Levy's legacy to Suffolk County politics

Suffolk County Executive Steve Levy speaks at a

Suffolk County Executive Steve Levy speaks at a meeting of the Long Island Business Development Council in Ronkonkoma. (June 14, 2011) (Credit: Newsday/John Paraskevas)

Dan Janison

Melville. N.Y. Tuesday January 26, 2010. Daniel Janison, Dan Janison

Dan Janison has been a reporter at Newsday for 10

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The next Suffolk County executive faces the trickiest of political landscapes as the high-drama tenure of Steve Levy draws to its close.

From the campaign's outset, neither Steve Bellone nor rival Angie Carpenter stood a chance to reach the dizzying mandate won by Levy in 2007 -- 96 percent of the votes. He did so, of course, through the backing of both major parties and three minor ones.

Consider that in light of Tuesday's election. How hollow did all the partisan messages on spending and services ring -- when both party syndicates had only four years ago signed off on the same incumbent?

Levy's re-election made standard party differences seem beside the point. Then, last year, Levy switched from Democrat to Republican. And then, this year, he abruptly became a lame duck. For better or worse, Levy scrambled the usual partisan arrangements and timing.

Bellone -- who will become the ninth executive in county history -- will want to convince the public that Levy's adherence to guarding taxpayer dollars goes on -- without the alienation that could impede crucial talks with unions, lawmakers and other players.

Appearing congenial in public will be the easy part. The hard part comes in the cold facts of the fiscal world, the sharpened tension between revenues and expenses. William Lindsay, presiding officer of the Suffolk legislature, supporter of Bellone, warned Monday: "Whoever wins . . . is going to walk into a hornet's nest."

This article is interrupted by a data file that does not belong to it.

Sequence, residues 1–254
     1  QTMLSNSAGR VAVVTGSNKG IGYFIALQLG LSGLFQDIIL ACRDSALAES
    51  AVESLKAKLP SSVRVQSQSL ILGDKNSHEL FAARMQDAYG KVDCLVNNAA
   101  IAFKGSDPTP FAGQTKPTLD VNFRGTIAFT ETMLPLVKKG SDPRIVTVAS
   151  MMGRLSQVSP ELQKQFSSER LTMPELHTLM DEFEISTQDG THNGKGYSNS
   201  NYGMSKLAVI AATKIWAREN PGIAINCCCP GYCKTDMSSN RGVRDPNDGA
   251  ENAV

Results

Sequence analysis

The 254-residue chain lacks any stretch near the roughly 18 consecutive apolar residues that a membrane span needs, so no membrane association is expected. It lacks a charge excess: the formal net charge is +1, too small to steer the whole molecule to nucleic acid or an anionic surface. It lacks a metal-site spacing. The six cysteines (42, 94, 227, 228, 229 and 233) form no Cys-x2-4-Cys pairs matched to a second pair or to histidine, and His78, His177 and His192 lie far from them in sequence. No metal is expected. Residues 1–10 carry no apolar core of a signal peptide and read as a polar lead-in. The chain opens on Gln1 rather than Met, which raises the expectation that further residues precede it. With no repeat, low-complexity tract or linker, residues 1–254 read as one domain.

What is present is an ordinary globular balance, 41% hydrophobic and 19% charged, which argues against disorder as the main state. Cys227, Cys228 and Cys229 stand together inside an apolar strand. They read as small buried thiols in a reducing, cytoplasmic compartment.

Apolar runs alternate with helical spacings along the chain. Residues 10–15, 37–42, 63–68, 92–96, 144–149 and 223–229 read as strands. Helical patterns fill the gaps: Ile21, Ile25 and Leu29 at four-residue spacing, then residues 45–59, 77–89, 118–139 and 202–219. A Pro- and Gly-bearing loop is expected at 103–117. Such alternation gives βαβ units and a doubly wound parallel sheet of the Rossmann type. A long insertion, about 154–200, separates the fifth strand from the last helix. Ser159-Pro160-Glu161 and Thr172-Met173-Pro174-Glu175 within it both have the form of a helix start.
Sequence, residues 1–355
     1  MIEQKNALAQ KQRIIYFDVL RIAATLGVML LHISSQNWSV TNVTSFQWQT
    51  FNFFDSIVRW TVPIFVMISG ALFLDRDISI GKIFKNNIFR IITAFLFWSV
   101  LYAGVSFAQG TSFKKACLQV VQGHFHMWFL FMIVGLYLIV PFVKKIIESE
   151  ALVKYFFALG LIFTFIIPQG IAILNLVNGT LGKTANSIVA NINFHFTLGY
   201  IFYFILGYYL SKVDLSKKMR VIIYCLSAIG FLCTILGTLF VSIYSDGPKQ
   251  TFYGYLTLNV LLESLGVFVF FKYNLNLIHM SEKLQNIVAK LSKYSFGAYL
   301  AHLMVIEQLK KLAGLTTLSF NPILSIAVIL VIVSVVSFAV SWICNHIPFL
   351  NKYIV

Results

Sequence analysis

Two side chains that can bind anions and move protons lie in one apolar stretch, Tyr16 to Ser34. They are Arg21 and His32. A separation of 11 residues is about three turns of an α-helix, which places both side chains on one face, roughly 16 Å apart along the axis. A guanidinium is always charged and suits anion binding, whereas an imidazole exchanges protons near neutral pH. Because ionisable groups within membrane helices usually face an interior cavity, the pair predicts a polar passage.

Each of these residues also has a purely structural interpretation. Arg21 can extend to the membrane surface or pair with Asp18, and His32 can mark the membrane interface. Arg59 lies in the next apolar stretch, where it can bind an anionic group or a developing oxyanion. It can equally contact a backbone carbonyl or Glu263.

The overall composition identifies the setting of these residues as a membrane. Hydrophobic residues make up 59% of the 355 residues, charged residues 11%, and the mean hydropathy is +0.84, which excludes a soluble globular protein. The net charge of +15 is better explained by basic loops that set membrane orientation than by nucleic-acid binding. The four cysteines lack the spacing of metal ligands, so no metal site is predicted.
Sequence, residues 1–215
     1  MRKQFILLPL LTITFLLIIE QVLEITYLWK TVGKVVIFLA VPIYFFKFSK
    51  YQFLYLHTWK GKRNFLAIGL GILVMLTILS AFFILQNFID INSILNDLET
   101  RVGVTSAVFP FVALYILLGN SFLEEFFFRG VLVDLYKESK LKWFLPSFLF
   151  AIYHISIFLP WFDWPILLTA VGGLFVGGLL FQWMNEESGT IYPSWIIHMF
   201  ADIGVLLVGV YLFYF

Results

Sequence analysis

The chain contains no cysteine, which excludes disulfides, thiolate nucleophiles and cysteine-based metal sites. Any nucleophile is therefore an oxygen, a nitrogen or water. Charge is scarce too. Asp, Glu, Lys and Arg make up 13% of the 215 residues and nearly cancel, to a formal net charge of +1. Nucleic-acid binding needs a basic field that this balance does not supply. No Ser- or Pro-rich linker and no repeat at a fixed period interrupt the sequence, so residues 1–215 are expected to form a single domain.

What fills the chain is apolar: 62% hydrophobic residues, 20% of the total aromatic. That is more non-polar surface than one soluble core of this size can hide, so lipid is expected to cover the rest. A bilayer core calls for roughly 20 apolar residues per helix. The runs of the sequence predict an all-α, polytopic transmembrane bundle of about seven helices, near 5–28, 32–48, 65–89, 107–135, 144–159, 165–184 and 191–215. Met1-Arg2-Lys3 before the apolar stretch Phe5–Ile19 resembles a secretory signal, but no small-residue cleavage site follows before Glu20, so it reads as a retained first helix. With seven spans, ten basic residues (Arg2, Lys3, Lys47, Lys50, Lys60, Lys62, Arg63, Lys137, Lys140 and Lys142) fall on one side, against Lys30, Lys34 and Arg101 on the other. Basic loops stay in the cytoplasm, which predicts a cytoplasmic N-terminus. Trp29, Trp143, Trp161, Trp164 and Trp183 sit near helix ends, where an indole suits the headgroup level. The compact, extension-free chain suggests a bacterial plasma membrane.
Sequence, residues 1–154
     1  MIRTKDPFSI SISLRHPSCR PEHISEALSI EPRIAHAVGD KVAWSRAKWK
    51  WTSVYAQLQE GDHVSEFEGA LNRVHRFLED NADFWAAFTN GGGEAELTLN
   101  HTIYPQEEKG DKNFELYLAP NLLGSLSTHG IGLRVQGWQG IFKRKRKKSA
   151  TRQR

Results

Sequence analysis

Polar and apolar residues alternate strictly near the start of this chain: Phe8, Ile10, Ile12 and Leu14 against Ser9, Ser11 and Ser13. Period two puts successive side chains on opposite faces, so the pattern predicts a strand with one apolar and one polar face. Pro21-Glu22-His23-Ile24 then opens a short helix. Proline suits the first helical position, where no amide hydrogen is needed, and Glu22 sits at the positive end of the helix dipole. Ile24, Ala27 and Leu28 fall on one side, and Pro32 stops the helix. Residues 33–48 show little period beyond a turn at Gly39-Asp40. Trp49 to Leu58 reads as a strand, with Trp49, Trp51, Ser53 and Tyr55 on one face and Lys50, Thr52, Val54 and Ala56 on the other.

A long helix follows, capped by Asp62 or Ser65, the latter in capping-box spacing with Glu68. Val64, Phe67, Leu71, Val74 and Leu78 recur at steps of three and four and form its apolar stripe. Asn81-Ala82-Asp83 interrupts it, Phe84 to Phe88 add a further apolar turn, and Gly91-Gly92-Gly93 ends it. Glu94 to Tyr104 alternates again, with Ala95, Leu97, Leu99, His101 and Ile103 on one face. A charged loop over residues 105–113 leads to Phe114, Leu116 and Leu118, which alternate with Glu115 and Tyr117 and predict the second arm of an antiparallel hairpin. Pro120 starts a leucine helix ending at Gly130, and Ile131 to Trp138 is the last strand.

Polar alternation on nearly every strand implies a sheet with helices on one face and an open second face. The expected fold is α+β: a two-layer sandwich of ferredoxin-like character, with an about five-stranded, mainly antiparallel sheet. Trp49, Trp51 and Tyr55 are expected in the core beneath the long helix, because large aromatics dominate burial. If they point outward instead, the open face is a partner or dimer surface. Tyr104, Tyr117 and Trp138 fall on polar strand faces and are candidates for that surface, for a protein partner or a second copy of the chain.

A panel of lawmakers of both parties proposed a police-tax increase in the name of averting hundreds of layoffs. Levy assailed them for setting up the "doom and gloom" rationale for a tax hike and insisted the budget he's put out is balanced.

The situation leaves multiple challenges in Bellone's lap. Some one-shot revenues are said to be risky. The full fate of the county nursing home remains in flux. Degrees of state aid, levels of labor cooperation and changes in sales-tax projections all look like moving parts.

As polls closed Tuesday night, a Police Benevolent Association website, counting down the seconds to Levy's departure, reached 53 days and three hours. But that makes for little more than fun theater for a Bellone backer.

Honeymoons between newly elected executives and legislators and work forces can vary in duration. Given the current crisis, former top Levy aide Kevin Law, now president of the Long Island Association, suggested Tuesday that Levy's successor and legislators set right to work once election results were known.

"I'd encourage both sides to spend the entire transition on the budget," Law said. "They should sink their teeth into the budget crisis and try to come up with alternatives to avoid as much pain as they can . . . and not wait until January to get there."